Every time I enter a dump yard or any place near it, I always end up having the same feeling- why would anyone want to live near a pile of dump?
Most of the dump yard let out a strong stink and are not at all maintained. Heaps and heaps of garbage is dumped every day and it becomes a stinky, unhygienic hill. Unlike the hills which are soothing to the eyes and mind and the ones we crave to have as a view, these hills pose as the exact opposite.
A feather to the dump yards, Perungudi dump yard stands out as an exception. Closing on to the dump yard, inside the cab, I wondered why I couldn’t smell any of the waste. Air conditioned cars are funny like that, they suck the stench in and let you experience the world outside through your senses of smell. But this time, there was none.
I paid the cabbie and like a swimmer, I held my breath stepping out of the car. I was sceptical of course. And nothing!
This was new. A dump yard without a trace of stench! Another thing I was thrown aback by was the size of the hills. These weren’t hills of crap, this dump yard was systematically levelled. Small land eruptions more like it!
I started questioning my map following skills. Had I reached the right place? I checked with the cabbie again and the security guard of the Perungudi dump yard. I was at the right place apparently.
Rustic cheap copper doors were flung open on either sides, welcoming me. Little did I know my journey to the dump yard was short-distanced (if that’s a word).
Excited to reach the right place, I went inside and was stopped by the security guard. Apparently common man is not allowed to enter the dump yard; the guard informed me they had CCTV camera inside. This made no sense to me. What is the worst I could do in a dump yard? Steal their dump and recycle it? But rules had to be followed.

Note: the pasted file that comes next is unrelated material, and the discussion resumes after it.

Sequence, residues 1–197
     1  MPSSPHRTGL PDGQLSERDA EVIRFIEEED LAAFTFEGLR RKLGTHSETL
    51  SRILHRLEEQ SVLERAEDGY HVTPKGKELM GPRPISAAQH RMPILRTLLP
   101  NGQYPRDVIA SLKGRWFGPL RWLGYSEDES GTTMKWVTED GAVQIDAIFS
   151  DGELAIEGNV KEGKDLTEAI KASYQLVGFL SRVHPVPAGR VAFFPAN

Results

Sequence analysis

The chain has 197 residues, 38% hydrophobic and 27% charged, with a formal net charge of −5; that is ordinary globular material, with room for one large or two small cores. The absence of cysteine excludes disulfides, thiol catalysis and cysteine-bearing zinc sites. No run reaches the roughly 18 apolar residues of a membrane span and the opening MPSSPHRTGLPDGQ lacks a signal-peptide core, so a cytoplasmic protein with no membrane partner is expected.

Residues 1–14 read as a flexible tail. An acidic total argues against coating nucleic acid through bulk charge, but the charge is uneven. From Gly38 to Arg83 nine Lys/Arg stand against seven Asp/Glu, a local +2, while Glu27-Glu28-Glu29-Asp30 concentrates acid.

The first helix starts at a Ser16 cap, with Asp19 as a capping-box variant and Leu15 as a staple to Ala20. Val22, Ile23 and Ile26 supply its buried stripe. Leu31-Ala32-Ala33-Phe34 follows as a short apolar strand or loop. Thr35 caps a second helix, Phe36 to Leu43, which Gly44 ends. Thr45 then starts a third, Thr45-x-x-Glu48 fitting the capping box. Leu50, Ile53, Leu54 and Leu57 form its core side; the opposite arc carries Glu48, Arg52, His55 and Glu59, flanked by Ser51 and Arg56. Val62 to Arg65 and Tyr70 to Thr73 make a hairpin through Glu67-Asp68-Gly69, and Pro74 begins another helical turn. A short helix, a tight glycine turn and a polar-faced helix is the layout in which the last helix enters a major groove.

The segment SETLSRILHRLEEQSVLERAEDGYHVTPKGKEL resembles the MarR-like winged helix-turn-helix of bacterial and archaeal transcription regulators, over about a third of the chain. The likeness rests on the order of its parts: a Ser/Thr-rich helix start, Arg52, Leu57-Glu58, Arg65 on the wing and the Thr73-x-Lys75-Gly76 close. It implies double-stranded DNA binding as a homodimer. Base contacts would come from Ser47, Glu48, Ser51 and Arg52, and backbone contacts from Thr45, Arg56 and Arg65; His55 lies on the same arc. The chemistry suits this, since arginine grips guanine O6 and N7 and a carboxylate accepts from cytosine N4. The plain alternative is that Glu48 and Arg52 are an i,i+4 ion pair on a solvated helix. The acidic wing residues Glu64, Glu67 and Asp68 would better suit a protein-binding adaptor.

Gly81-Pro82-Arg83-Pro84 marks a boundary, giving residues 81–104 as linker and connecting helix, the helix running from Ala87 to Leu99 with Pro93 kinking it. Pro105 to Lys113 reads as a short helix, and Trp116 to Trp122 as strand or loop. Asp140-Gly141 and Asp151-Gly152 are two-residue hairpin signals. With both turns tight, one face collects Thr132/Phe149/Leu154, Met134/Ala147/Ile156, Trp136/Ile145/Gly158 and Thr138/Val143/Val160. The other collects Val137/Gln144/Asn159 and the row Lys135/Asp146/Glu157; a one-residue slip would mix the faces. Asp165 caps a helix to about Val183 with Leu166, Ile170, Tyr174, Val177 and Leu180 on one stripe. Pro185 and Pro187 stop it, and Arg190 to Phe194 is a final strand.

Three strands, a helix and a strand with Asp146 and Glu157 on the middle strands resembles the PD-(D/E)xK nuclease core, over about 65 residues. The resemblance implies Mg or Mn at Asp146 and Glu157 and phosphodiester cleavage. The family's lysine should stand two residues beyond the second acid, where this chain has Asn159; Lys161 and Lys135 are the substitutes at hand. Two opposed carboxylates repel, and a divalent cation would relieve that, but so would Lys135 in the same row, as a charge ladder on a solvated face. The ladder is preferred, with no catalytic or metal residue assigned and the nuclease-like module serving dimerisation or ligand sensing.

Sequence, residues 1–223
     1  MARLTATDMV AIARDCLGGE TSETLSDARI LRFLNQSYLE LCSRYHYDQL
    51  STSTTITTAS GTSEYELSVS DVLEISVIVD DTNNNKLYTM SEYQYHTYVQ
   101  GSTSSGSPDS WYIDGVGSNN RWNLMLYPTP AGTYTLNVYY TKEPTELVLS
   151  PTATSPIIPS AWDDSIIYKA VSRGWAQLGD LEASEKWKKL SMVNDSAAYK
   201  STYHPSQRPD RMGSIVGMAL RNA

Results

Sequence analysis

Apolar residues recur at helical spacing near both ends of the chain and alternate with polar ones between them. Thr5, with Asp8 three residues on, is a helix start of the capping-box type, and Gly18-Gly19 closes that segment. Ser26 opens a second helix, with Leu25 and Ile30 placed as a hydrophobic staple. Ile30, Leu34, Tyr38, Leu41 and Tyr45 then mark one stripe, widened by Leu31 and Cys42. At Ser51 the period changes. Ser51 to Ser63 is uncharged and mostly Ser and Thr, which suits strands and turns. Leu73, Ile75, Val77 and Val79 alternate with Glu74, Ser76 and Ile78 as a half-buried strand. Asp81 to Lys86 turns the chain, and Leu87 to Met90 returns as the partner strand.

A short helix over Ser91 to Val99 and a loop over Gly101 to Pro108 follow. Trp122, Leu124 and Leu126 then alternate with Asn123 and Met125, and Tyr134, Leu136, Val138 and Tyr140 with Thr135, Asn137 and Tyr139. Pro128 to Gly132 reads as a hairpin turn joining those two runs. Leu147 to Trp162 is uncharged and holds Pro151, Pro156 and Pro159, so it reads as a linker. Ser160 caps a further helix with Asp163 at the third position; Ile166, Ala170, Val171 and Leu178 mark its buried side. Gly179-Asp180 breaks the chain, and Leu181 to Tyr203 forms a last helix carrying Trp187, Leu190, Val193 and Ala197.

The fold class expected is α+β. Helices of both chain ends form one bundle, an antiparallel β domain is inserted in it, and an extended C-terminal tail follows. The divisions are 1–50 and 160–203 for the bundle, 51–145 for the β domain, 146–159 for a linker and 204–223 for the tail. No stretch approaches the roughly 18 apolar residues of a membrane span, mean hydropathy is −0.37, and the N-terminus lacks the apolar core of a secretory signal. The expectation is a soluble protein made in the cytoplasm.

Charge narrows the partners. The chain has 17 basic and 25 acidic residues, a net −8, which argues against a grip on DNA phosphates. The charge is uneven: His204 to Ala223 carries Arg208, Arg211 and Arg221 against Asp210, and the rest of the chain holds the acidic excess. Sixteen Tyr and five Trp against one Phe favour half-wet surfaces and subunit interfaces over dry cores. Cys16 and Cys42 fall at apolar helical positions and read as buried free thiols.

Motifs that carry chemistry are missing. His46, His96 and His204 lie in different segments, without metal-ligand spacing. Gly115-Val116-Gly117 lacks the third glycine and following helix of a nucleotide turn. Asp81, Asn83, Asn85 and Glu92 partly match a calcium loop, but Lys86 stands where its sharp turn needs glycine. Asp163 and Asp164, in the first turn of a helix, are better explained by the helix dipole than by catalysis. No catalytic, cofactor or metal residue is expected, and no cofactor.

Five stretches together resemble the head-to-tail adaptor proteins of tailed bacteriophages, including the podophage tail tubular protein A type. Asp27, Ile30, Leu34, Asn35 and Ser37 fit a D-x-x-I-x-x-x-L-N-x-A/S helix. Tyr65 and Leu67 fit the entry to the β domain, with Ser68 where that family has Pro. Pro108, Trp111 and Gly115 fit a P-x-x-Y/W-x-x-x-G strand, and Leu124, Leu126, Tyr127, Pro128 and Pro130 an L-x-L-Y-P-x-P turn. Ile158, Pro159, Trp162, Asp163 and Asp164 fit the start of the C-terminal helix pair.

After an hour long negotiation, I decided to give up and take some pictures instead. The guard tried stopping me but since I showed him I’m not breaking his cuckoo rules, nobody could stop me from clicking pictures.
The pictures came out well. The evenly scattered clouds made my job easy.
Loitering around the streets, drinking coconut water, I spoke to the vendors and people having the water. Broken English and a mix of English and Hindi came to rescue.
I sat on a rock quenching my thirst wondering where to go next. I went on walking and reached residential areas. Now another problem arose- male students. Most of the houses were PG accommodations for college students. Ringing the bell of the first few houses made me realize this isn’t a good idea. None of the boys would come down to talk but rather insisted on my coming up and speaking about my “report”.
Giving up on this idea, I walked further in and found a school. Now this gave me hope. Their parents had to live somewhere close by and it was almost time for them to go home.
Walking here and there, passing my time, I waited for the school to get over. The school bell rang and children came rushing out looking for their parents.
I jumped to the opportunity and requested the parents if they could answer some questions for my project. Thankfully they didn’t mind. But the unfortunate part was, most of them didn’t stay long to talk since they were eager to return home with their children and feed them lunch. Although the general idea I received was they didn’t have much problem with the dump yard.
This general perception did not go down well with my journalistic needs. I didn’t have quotes, I received more of gestures than answers. It seemed slightly disappointing, until I realized it doesn’t have to be a sad story all the time. Why not cover the good part?
I was anyways denied entry to the dump yard, not knowing how they manage the dump and how good or bad it is in the interiors of the dump yard. I might as well pen down the mixed reactions of people, which is exactly what I did by the end.
After a long day in the sun, I decided to go to the Greater Chennai Corporation, Adyar. My faculty was right- all they did was waste my time and make me wait for 2 hours. After waiting this long they asked me to visit the Ripon building to get some data.
Enough was enough! I picked up my bag and headed back to college. While returning I wondered, if government officials behaved the same with journalists with a press card? If yes, then this is even sadder.